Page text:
“There is some built-in disadvantage for statewide candidates coming from the Los Angeles area,” said Mark Baldassare, president of the Public Policy Institute of California. “The voter turnout and participation is disappointing in L.A., compared to the rest of the state.”

Even though Los Angeles is the state’s most-populous county, it has the lowest turnout rate for registered voters. Of the 58 counties, L.A.’s turnout was dead-last in the 2014 election and second-to-last in the June primary. Participation is so abysmal in Los Angeles County that voters there actually cast fewer ballots than voters in the nine-county San Francisco Bay Area—even though Los Angeles County has 1.2 million more people registered to vote.

Turnout is better in other populous SoCal counties such as Orange, San Diego and here in Riverside, but still not as strong as in the Bay Area.

“It’s a tale of two economies. Where you have a declining middle class, you have fewer voters and less civic participation,” said Mike Madrid, a GOP political consultant with expertise in Latino voting trends.

Southern California is home to a greater share of Latinos than the Bay Area, and has many more people living in poverty—both characteristics correlated with low voting. Per-capita income is much higher in the Bay Area, and jobs there are being created faster. That not only means people are more likely to vote; it also gives candidates from the region a stronger network for fundraising.

“As the economy has separated, so has our democracy,” Madrid said. “The nine-county Bay Area is becoming whiter, wealthier and older. And that’s creating a power base that is driving the political leadership and discourse for the rest of the state.”

Of course, voters don’t always choose the candidate from their own region, and a home address in the Bay Area is no guarantee of a candidate’s success. Other factors—such as politics, fundraising and the power of incumbency—also come into play.

But with seven of the nine statewide races on November’s ballot featuring a north-south matchup, the question now is whether voters will defy the recent trend.

In the race for governor, the dominance of Northern California was clear when the primary was over in June. Lt. Gov. Gavin Newsom, the former mayor of San Francisco, beat out two fellow Democrats from Los Angeles to face Republican John Cox of San Diego on the November ballot. Newsom is far ahead in the polls and fundraising in a state where just one-quarter of voters are registered GOP.

Given their advantage in voter registration and fundraising, Democrats—no matter which end of the state they live in—are favored to win in statewide contests against Republicans. One test will be in the race for insurance commissioner, which features a Democratic legislator from Los Angeles against a Silicon Valley entrepreneur who is running with no party preference. Steve Poizner, who was insurance commissioner from 2006-2010, used to be a Republican but changed his registration to run this year. He splits his time between Silicon Valley and San Diego, and is facing state Sen. Ricardo Lara, a Los Angeles Democrat, in this down-ticket race.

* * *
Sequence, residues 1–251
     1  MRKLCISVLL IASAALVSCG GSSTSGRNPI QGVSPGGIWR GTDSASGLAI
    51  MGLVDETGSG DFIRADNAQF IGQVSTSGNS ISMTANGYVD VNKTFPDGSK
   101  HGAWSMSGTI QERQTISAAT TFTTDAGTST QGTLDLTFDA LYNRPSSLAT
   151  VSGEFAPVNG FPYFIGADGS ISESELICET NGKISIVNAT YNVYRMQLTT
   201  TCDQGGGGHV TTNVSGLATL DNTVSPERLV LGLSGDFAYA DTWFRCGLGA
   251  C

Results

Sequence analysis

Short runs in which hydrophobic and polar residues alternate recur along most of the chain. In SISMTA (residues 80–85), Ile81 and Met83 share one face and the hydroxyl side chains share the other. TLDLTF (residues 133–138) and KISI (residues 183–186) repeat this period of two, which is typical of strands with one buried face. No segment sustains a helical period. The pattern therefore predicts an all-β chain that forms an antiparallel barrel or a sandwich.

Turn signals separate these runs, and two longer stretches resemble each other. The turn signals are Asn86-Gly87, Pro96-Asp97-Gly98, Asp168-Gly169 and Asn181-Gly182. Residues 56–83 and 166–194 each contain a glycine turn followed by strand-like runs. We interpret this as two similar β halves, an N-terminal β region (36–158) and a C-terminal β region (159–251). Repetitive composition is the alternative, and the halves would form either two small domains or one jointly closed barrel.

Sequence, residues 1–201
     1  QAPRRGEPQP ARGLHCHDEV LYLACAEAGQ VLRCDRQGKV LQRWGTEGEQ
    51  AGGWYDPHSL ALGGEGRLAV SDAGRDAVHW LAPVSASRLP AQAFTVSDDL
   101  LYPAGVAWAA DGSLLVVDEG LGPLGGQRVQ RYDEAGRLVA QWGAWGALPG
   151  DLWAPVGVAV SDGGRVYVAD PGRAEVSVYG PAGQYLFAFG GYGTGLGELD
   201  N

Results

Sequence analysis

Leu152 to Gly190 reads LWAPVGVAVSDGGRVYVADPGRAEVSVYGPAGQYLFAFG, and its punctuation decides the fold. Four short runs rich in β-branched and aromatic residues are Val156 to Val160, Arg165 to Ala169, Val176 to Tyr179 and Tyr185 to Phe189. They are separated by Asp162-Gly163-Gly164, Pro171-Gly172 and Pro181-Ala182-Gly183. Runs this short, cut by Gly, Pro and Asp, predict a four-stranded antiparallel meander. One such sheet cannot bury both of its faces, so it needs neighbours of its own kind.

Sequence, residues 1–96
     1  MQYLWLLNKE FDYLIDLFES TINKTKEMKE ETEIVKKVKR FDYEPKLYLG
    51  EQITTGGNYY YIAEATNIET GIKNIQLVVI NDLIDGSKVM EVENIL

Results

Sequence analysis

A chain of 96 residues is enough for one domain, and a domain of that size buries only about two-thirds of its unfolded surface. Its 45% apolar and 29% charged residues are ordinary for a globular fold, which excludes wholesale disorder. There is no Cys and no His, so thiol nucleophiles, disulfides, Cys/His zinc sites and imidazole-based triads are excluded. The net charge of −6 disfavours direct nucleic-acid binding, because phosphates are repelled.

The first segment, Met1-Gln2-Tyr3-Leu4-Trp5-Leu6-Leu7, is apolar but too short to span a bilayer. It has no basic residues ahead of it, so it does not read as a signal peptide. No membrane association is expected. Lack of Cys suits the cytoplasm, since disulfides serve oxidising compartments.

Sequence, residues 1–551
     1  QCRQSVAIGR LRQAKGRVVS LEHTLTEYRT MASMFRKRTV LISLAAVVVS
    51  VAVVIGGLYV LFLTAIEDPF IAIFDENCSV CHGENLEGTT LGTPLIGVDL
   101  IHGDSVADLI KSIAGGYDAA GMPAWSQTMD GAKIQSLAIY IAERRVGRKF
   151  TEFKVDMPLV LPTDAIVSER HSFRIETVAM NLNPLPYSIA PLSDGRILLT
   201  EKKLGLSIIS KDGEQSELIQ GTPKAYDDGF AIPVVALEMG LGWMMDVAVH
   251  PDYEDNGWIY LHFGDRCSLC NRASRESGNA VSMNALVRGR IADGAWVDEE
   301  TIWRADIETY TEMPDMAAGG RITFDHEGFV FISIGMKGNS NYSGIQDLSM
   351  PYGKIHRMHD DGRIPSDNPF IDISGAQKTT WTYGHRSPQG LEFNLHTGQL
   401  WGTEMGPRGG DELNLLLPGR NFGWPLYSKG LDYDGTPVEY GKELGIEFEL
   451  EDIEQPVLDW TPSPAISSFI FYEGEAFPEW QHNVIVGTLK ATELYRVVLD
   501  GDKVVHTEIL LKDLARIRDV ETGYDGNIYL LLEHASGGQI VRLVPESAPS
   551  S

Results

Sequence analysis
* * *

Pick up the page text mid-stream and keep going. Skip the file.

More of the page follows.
Because of California’s nonpartisan election system, some races feature two Democrats, making the outcomes harder to predict. Voters could choose a lieutenant governor who lives in San Francisco—real estate developer Eleni Kounalakis—or one who lives in Los Angeles, state Sen. Ed Hernandez. They could pick a statewide schools superintendent who hails from the Bay Area—Assemblyman Tony Thurmond—or one who helped run schools in Los Angeles, Marshall Tuck. U.S. Sen. Dianne Feinstein—a former mayor of San Francisco—is fighting a challenge from the left from state Sen. Kevin de León, a Democrat from Los Angeles.

“All else equal in terms of platform, and political leanings, if you have connections to the Bay Area, that is considered to be an advantage,” said Mindy Romero, director of the California Civic Engagement Project at the University of Southern California. “It’s both the voter strength in the Bay Area and the (fundraising) money that’s present in the Bay Area.”

The dynamic is different for legislative races—where the state is broken into districts with equal populations. Southern California’s large population means the region has many representatives in the Legislature, including the leaders of both the Senate and the Assembly.

But because of the voting trends, many SoCal lawmakers are elected with fewer votes than their NorCal colleagues. Even though Assembly Speaker Anthony Rendon, who lives in Los Angeles County, is one of the state’s most powerful politicians, he was elected by about 89,000 voters in 2016, while several Bay Area legislators got at least 130,000 votes.  

Mike Trujillo, a Democratic political consultant in Los Angeles, said he’s hoping the energy this year over control of Congress will prompt more Southern Californians to vote. With several contested House races, the region is being blitzed by ads and volunteers reminding people an election is coming up.

“We do have a lot of those swing seats,” he said. “We’re hoping that is influential.”

CALmatters.org is a nonprofit, nonpartisan media venture explaining California’s policies and politics.

Published in Politics